The impact of workplace screening on the occurrence of cumulative trauma disorders and workers' compensation claims

J Occup Environ Med. 1999 Feb;41(2):84-92. doi: 10.1097/00043764-199902000-00002.


Work-related musculoskeletal pain, commonly referred to more specifically as musculoskeletal disorders or cumulative trauma disorders, has continued to occur despite efforts by employers, employees, health care providers, and the government to eradicate it. The National Institute for Occupational Safety and Health has encouraged employers to establish ergonomic prevention programs; however, many employers are concerned that screening, education, and focused attention on workplace pain will cause an increase in the number of OSHA 200 events and the incidence of workers' compensation claims. This prospective cohort study demonstrated that there was no increase in the number of OSHA 200 events and no increase in the incidence of workers' compensation claims after completion of an individual risk screening program that included education and employee awareness about work-related musculoskeletal pain. Incidence of cumulative trauma disorders has been most effectively reduced by use of individual risk-screening programs. Therefore, employers should be encouraged to develop and implement prevention programs that include individual risk screening.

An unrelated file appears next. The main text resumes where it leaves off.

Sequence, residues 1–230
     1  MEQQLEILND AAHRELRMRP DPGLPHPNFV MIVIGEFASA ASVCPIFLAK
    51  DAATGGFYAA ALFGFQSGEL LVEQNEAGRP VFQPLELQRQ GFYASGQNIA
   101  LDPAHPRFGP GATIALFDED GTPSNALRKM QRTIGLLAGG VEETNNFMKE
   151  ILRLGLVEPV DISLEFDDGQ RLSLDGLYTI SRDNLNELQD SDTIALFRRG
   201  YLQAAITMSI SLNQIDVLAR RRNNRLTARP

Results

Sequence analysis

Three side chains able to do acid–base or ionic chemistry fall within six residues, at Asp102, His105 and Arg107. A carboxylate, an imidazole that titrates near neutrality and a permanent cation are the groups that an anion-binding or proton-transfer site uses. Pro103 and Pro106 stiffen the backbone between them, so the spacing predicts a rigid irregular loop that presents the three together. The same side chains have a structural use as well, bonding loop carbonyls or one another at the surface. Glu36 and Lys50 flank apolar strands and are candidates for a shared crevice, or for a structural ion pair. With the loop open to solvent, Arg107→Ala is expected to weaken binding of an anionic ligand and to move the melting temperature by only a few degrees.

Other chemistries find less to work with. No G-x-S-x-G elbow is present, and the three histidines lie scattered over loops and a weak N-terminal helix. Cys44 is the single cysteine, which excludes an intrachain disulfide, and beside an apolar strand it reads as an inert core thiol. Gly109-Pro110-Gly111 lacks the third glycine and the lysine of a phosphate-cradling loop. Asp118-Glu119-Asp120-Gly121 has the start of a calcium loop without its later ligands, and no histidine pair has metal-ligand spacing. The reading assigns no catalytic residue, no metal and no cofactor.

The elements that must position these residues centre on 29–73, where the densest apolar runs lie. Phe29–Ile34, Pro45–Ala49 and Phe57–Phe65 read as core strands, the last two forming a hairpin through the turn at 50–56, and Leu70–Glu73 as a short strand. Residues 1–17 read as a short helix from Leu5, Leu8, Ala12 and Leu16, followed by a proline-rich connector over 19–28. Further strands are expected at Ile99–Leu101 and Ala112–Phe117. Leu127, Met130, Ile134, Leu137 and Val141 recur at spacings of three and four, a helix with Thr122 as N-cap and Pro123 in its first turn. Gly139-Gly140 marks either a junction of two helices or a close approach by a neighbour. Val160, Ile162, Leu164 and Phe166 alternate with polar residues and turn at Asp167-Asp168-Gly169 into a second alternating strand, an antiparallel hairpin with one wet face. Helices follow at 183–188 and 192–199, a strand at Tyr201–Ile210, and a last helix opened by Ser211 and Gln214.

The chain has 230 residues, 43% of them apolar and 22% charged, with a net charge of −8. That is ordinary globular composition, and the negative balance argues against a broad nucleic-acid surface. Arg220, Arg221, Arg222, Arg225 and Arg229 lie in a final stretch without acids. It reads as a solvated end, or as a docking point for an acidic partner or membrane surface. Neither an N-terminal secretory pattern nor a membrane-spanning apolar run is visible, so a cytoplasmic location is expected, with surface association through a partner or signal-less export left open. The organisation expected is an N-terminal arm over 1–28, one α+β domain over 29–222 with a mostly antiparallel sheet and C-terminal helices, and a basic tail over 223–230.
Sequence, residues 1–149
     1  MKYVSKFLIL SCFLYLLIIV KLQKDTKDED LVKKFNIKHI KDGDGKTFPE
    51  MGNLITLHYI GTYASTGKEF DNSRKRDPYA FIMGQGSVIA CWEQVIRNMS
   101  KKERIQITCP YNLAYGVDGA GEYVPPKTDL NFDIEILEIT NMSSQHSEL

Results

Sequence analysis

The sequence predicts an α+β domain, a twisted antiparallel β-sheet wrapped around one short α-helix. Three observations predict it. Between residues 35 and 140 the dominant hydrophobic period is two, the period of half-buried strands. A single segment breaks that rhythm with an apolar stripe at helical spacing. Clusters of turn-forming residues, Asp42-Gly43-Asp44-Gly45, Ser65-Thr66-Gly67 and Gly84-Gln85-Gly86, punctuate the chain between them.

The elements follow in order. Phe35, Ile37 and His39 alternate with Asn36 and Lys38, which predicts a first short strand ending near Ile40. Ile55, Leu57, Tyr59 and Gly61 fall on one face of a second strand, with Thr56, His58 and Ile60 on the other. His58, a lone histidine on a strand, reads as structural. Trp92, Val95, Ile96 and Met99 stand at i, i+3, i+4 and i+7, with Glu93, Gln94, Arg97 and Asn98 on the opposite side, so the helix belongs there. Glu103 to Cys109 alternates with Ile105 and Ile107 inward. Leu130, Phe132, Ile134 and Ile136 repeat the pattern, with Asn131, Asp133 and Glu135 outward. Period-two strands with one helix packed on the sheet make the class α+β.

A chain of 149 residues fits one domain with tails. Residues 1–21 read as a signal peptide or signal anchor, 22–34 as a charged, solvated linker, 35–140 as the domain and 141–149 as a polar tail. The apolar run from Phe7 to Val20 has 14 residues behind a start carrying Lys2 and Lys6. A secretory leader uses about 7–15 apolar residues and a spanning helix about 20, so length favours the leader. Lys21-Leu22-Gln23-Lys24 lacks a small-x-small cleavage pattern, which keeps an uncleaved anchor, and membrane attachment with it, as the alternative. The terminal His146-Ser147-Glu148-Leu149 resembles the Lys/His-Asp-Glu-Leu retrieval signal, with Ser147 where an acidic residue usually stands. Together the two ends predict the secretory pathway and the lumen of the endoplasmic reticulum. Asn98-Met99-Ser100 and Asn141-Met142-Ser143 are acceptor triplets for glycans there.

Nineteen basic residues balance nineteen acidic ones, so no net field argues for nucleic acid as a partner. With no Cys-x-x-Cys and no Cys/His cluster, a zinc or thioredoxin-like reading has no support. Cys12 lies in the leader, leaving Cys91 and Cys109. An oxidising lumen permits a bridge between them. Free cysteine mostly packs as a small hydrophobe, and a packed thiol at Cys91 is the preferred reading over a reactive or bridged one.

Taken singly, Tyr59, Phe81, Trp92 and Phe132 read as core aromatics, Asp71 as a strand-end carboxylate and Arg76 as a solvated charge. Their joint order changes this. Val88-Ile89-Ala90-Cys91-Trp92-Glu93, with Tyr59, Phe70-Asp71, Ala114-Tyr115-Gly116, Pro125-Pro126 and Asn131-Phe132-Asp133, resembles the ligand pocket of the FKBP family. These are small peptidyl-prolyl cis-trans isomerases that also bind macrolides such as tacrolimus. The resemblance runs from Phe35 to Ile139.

Publication types

  • Research Support, Non-U.S. Gov't

MeSH terms

  • Adult
  • Age Distribution
  • Aged
  • Cohort Studies
  • Cumulative Trauma Disorders / diagnosis
  • Cumulative Trauma Disorders / epidemiology*
  • Female
  • Humans
  • Incidence
  • Male
  • Mass Screening*
  • Middle Aged
  • Occupational Diseases / diagnosis
  • Occupational Diseases / epidemiology*
  • Prospective Studies
  • Risk Assessment
  • Risk Factors
  • Sex Distribution
  • United States / epidemiology
  • Workers' Compensation / statistics & numerical data*